The Science of Attention Checks

Best Practices for Design and Implementation

April 23, 2024

If you are designing a survey study, chances are that you are interested in the true thoughts of real people. Bots and other malicious actors need not apply; but what do we do about regular people who might not be the most attentive?

Attention, please!

Any survey study faces the challenge of grabbing and maintaining participants’ attention. When a survey is online and unsupervised, researchers are often even more concerned. One common response to this concern is to use attention checks.

Types of attention checks: Bogus items and IMCs

Ward and Meade (2023) outline two categories of attention checks: bogus items and instructional manipulation checks. Bogus items have a commonly-agreed-upon correct answer (e.g., “a dolphin is an animal”), and answering incorrectly is considered a sign of inattentiveness. Instructional manipulation checks (IMCs) instead provide a real question, but also contain (perhaps in the middle or end of the question) instructions to ignore the rest of the question and provide a specific response or other behavior (e.g., clicking somewhere on the screen).

Gummer and colleagues (2021) also describe a third type of attention check, instructed response items (IRIs), as a special kind of IMC. An IRI contains instructions hidden within one label of a grid response item, instead of in the instructions of an item. This means that an IRI assesses whether respondents have read a specific aspect of a grid item.

What do attention checks measure?

Like every survey item, an attention check measures an underlying construct (attention) imperfectly, with error (Berinsky et al., 2014). Failing an attention check item may reflect distraction, low motivation, or boredom. But according to Anduiza and Galais (2016), it may also reflect satisficing, an often-reasonable cognitive strategy of stopping once an outcome seems adequate, rather than trying to reach perfection (Brown, 2004; Simon, 1947).

Importantly, failing an attention check doesn’t always mean that a participant didn’t notice it. Sometimes, they are fully aware of it, yet actively decide not to comply (e.g., Curran & Hauser, 2019; Silber et al., 2022). It is also worth mentioning that inattentive respondents can successfully pass attention checks by random chance, depending on the design of the check.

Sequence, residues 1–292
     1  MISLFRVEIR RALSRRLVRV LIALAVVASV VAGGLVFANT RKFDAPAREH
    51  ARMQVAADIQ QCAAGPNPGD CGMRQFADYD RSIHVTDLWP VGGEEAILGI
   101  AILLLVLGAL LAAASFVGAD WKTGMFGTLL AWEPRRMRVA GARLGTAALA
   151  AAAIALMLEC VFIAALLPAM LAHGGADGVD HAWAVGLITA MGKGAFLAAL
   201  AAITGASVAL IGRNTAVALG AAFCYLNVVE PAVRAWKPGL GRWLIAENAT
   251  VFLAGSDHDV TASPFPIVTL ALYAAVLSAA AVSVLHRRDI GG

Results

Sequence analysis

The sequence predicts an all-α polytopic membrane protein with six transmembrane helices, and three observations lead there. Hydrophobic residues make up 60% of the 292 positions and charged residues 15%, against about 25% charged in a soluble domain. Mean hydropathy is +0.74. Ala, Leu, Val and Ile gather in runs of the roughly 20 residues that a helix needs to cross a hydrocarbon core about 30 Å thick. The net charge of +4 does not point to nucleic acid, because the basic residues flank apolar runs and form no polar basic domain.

Anduiza and Galais (2016) reviewed the literature on instructional manipulation checks (IMCs) and concluded that failing to pass one is “indeed an indicator of poorer data quality.” Supporting that point, Maniaci and Rogge (2014) found that inattentive participants are less compliant with study tasks and provide lower quality self-report data. However, failure can also correlate with research-relevant measures like demographics. For example, Anduiza and Galais (2016) found that those who failed an IMC were younger, less educated, and less interested in the survey topic than those who pass.

Warning: Side effects include…

There are also potential side effects of including IMCs in your study. IMCs, with their hidden and contradictory instructions, can lead participants to think there is “more than meets the eye” in a survey, increasing systematic thinking and therefore influencing responses on complex reasoning tasks (Hauser & Schwarz, 2015).

However, fortunately for most survey researchers, IMCs seem unlikely to impact how respondents approach standard survey questions (Hauser et al., 2016). Nevertheless, repeated IMCs can have undesirable impacts on respondents, including discomfort and unease (Anduiza & Galais, 2016). These authors even suggest that researchers may be better off without IMCs at all.